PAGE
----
Essentially, equilibrium is the state of being balanced, where opposing forces cancel each other out, and no changes occur.

It is a broad definition, as equilibrium applies to loads of different topics – it’s commonly used in chemistry, economics, psychology, physics, and many other disciplines.

For example, if you’re running on a treadmill, you are in constant motion. However, you’re not moving forward or backward. As fast as you run forwards, the treadmill is moving you backward. It means you and the treadmill are in equilibrium.

Or, if hot air enters a room at the same rate as cold air, and the room temperature stays the same, then the room’s temperature is in a state of equilibrium.

The economy is in equilibrium if supply and demand are equal economics.

Here, we’ll run through a few different common examples of equilibrium.

Chemical Equilibrium:

In chemistry, equilibrium is used to describe the state where there is no observable change in the properties of a reaction, and it won’t change with time on its own. Instead, it happens when a process and its reverse occur at equal rates, so overall, no change occurs.

When a reaction reaches equilibrium, the forward and reverse reactions happen at the same rate, so the concentrations and products of the reaction don’t change – everything stays balanced.

Chemical equilibrium can be affected by a few different factors. For example, pressure, temperature, or concentration changes can force a reaction out of equilibrium. Adding a catalyst, though, doesn’t affect equilibrium, as all catalysts do is speed the response up. So, a catalyst speeds up the forward and reverse reactions equally, so the state of equilibrium should be maintained.

Chemical equilibrium is really important for life as we know it. For example, some reactions in our bodies rely on equilibrium to stabilize everything. For example, hemoglobin must be able to take up oxygen and release it. It does this through changes in the equilibrium of this reaction throughout our bodies.

Equilibrium in Economics:

Economists have looked to the sciences and borrowed the equilibrium construct to apply it to their field. In economics, equilibrium occurs when market supply and demand are equal, balance each other out, and as a result, prices become stable. Like chemistry, no further change occurs when a system’s physical forces are balanced.

Because the actual conditions of real-life economics are so uncertain and changing, equilibrium, in this sense, is very much based on theory – it might never truly occur. Moreover, the concept of supply and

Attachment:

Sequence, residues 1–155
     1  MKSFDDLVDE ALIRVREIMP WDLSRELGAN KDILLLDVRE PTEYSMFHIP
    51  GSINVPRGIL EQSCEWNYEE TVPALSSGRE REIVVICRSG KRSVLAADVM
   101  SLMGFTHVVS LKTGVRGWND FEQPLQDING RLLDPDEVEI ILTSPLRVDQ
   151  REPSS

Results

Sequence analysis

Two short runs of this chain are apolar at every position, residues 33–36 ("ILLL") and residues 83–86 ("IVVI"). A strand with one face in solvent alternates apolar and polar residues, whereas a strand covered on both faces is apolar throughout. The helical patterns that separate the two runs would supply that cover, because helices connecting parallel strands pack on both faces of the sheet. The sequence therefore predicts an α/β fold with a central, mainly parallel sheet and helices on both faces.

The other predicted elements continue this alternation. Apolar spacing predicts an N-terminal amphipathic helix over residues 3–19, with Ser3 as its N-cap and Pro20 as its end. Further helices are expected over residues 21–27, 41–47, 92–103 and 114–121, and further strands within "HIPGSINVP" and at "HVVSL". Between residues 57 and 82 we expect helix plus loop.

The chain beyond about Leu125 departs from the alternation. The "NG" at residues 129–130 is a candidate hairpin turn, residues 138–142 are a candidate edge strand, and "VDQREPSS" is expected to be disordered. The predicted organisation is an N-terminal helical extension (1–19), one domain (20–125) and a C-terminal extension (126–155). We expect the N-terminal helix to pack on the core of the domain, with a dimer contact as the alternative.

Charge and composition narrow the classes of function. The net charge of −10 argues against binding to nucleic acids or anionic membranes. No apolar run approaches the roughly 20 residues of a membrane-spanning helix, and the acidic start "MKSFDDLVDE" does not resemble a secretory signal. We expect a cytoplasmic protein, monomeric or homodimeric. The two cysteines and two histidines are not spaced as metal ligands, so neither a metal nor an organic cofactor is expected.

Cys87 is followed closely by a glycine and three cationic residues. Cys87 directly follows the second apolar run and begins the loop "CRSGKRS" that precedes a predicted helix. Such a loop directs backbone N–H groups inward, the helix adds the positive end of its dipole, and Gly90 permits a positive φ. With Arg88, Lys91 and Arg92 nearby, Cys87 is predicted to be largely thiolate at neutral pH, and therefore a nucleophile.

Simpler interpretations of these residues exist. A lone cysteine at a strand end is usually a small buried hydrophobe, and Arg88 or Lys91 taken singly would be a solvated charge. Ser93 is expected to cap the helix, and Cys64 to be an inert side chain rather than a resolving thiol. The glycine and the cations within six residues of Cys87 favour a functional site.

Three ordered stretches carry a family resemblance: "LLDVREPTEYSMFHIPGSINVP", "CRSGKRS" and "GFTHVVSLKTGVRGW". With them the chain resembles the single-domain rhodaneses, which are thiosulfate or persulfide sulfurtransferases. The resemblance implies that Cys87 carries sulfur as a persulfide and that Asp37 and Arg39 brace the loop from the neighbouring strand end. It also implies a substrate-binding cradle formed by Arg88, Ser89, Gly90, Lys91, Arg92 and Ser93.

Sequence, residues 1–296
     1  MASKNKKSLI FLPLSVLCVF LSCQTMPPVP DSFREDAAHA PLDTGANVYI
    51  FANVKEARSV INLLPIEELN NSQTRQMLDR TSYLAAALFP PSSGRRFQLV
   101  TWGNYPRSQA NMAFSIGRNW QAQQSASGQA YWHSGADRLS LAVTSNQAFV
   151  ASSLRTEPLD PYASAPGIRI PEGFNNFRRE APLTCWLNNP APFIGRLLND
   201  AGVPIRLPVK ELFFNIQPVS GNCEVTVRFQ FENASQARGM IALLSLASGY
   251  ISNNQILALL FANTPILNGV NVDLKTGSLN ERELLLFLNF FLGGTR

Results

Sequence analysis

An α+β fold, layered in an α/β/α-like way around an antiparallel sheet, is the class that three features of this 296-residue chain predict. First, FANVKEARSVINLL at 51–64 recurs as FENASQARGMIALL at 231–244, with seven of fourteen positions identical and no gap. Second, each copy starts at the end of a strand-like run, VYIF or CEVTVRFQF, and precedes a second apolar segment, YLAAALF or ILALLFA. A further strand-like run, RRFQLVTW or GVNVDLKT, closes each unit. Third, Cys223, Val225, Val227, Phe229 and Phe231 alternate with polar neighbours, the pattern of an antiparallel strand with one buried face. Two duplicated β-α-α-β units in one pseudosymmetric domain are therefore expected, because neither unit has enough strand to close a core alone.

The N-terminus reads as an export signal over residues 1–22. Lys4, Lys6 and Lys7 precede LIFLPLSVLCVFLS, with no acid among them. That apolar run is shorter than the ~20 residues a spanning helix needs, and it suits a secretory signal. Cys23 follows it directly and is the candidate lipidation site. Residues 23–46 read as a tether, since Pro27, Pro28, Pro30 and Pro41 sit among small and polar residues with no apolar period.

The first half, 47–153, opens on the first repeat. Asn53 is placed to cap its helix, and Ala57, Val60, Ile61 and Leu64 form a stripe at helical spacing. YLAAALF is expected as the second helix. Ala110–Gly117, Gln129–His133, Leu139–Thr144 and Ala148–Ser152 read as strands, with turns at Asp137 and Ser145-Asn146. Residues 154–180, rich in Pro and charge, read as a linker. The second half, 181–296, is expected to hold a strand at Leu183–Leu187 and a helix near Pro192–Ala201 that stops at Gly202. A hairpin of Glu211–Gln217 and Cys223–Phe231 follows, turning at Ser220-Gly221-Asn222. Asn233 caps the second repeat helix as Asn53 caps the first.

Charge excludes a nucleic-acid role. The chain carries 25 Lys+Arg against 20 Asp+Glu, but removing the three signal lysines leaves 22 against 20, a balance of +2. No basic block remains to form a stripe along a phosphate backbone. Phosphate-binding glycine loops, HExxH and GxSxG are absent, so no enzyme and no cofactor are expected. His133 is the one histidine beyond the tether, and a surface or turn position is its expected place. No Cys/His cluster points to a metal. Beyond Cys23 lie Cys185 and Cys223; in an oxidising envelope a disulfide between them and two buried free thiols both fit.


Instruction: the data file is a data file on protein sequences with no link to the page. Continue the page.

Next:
It is similar to when external factors disrupt the equilibrium of chemical reactions. For example, when the pressure and temperature change, the balance is lost, and the reaction ends up in disequilibrium.

It can happen in economic equilibrium when prices become too low, or the demand changes to higher than the available supply. When these aren’t in balance (like the conditions in a chemical reaction), you end up with market disequilibrium. This term of economic equilibrium can also be applied to a range of different economic variables, too (e.g., interest rates).

Social Equilibrium:

Equilibrium has also been discussed in sociology and philosophy.

Here, it describes a state of balance in social systems, where each interdependent part of a system adjusts to changes in other parts, and the system as a whole stays balanced. Philosophers have discussed social equilibrium since the 18th century when they sought ideals of a communal society living in equilibrium and harmony.

In this sense, social systems are thought about in the same way as physical, scientific systems, where there are actions and reactions, opposing forces, and states of balance and imbalance – order and chaos.

It is typically discussed as a theoretical aim rather than any existing system.

Equilibrium in Psychology

Within psychology, equilibrium is discussed regarding people’s emotions, passions, aims, and desires. Different fields of psychology use the term equilibrium differently because of its diverse meanings. However, they all relate to the same fundamental concept – balance.

Regarding emotions, people constantly work to balance their desires and instincts. Physiologically, they’re also balancing their physical drives of hunger and thirst. The existence of competing drives and conflicts can cause an imbalance, so people need to work to restore equilibrium.

Sigmund Freud’s psychodynamic theory suggests that all our unconscious desires (the id, ego, and superego) exist in a constant state of tension, where there is a continued attempt to achieve equilibrium between them. He felt that, fundamentally, this drives most of our actions.

Clark Hull felt that when an organism is resting, it’s in a state of equilibrium. However, it is brought out of rest by drives like thirst or hunger, and one has to deal with this by eating, drinking, or relieving whatever drive is causing the imbalance. He describes this as ‘drive-satisfying behavior’ and posits that organisms constantly satisfy various drives and urges to maintain equilibrium.

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